Once an offer has been tendered, normally negotiations begin between the buyer and seller. Sometimes an offer is accepted with no counteroffers, but this is the exception, not the rule.
Negotiation is a complex matter and all transactions are unique. Both sides – you and the seller – want to feel that the outcome favors them, or at least represents a fair balance of interests. My job as a buyer agent is to represent you in the negotiations and make sure your best interests are served.
Time Sensitive Transactions
When we submit an offer to purchase a property, I will include a “respond by” date to the seller. Everything in a real estate transaction is time sensitive, so communications and responsiveness is key to a successful outcome. If a counteroffer is made, it will often have a very quick turn-around time. It is important that you be available to make quick decisions and respond promptly to any counteroffers. We typically work these offers using secure electronic signature technology so that you can easily and securely sign them from your computer.
Once I receive a counteroffer from the seller or their agent, I will review that offer with you and you can decide if it is agreeable. When a seller makes a counteroffer, you are no longer bound by your initial offer. You can either accept the sellers counteroffer, decline the counteroffer, or make your own counteroffer back to the seller. If you decline the offer, your earnest money is then returned to you. This process continues until either both parties come to an agreement or one party declines to accept the other’s counteroffer. Most offers and counteroffers have expiration dates. A party does not have to specifically reject an offer or counter-offer. They can just allow the time to expire and the offer is no longer valid. Either party can rescind an offer or counter-offer if the other party has not accepted the offer in writing, with no penalty to either party and all earnest money returned to the buyer.
Knowing the local real estate market is crucial to your strategy for negotiating your offer. You must know the underlying market. If you are in a seller’s market you will need to act quickly and be willing to offer at the top of the range. This is especially true if the home is in a hot area and has great appeal. If the seller has multiple offers, you must make your very best offer up front.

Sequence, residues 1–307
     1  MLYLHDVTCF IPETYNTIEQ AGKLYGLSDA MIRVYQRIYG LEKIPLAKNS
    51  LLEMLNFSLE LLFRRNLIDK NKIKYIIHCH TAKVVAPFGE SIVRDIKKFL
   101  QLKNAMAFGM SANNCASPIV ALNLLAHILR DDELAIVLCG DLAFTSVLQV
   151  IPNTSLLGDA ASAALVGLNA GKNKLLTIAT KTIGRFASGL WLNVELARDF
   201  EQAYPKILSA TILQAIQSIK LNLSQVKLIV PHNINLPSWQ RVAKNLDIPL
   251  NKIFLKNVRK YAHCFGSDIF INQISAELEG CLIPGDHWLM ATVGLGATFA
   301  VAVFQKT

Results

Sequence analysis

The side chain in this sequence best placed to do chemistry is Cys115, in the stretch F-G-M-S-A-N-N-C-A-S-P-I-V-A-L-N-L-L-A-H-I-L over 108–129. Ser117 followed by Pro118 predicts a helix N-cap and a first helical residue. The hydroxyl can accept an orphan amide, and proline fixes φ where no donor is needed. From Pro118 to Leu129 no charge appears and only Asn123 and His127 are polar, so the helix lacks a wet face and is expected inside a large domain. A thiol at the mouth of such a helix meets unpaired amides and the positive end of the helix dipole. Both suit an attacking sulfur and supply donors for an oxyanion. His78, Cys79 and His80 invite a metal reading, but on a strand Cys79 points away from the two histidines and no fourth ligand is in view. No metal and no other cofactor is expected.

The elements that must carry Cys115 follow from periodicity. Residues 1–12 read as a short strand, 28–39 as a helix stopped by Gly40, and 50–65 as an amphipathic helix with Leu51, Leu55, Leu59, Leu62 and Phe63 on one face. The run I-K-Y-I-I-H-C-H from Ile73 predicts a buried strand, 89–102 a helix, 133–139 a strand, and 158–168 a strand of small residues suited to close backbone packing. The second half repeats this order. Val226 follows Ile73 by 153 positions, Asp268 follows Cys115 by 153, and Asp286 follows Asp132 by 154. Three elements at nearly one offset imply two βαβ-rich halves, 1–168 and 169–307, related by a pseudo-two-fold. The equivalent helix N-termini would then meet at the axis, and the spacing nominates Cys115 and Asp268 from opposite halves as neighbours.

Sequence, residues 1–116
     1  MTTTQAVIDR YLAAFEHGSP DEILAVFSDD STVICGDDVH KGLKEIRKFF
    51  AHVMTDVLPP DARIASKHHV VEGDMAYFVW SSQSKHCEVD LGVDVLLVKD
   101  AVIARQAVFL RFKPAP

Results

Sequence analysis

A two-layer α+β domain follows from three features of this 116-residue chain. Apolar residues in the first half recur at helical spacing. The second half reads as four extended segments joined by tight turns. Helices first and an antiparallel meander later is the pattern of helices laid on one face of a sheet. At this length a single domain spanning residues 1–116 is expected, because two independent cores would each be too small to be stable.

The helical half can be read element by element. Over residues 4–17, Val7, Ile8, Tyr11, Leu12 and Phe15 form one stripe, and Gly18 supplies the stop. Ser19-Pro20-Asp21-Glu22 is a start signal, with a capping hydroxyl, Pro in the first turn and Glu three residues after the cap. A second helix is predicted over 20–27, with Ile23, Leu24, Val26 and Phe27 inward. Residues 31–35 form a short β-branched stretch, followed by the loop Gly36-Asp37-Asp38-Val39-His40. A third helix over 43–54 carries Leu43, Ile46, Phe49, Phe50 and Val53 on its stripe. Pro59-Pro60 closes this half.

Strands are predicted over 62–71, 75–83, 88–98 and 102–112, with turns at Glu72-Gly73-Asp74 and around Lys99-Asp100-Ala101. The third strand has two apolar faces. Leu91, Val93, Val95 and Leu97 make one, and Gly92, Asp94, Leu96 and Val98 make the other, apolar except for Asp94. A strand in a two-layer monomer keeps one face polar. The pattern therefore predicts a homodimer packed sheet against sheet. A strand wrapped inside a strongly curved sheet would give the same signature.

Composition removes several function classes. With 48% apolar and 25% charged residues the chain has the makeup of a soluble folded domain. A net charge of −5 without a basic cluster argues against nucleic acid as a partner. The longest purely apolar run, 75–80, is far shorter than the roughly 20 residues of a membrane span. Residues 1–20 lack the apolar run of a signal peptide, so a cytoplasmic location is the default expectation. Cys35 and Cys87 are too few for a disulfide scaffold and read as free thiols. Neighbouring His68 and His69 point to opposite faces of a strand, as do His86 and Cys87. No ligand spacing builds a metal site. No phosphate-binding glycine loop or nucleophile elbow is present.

In a buyer’s market you may be offering on a house that has been for sale for several months. Or the house may have a small buyer pool due to floor plan layout, poor condition or updating needs. Here you have a lot more leverage than you would with a new listing. Knowing the seller’s needs will help you improve your leverage. They may want to move immediately, or prefer a long close time, If you can meet their secondary needs you have some leverage for a better price.
I negotiate home purchases every week so am quite comfortable doing so and can help you during this stressful time. I will give you an honest assessment of the situation and let you know how much leverage I feel you have with the buyer, and guide you through an offer that best fits your needs.
Withdrawing an Offer
Can you take an offer back? In most cases the answer is yes, right up until the moment your offer is accepted. In most cases, you can withdraw an offer before you’ve been notified of its acceptance.
Writing the Contract
Once an offer or counter-offer has been agreed to and accepted by all parties, this offer or counter-offer becomes the purchase contract. In most cases Realtors use a standard contract prepared by the Oklahoma Real Estate Commission to make the offer or counteroffer, but both parties can agree to have a contract written up by an attorney if they prefer. This is expensive so for most residential home sales, buyers and sellers choose to use the standard OREC contract.
Once the contract has been finalized, copies will be made for all parties, including your mortgage company. Distribution of the contract is what gets the ball rolling on financing, inspections and the other aspects of closing the transaction.
Good Faith Estimate
Each time you submit an offer on a home, I will provide you an estimate on your closing costs and monthly payment. This estimate is based on the price you offer, the terms, and costs of closing and the interest rate you can expect. While this estimate is generally quite close, it is still just an estimate.
Once you have an accepted contract, your lender will provide you with a much more detailed and likely more accurate Good Faith Estimate. This is required by federal law and is based on the same factors as above, but since the lender has much more detailed information on your financial situation and has the details of the actual contract in hand, they are able to provide a closer estimate than I can.
Ways to Improve your Leverage
- Loan pre-approval
- Minimize contingencies
- Have a backup home you are willing to make offer on
- Be flexible with closing date
- Pay your own closing costs
- Understand current market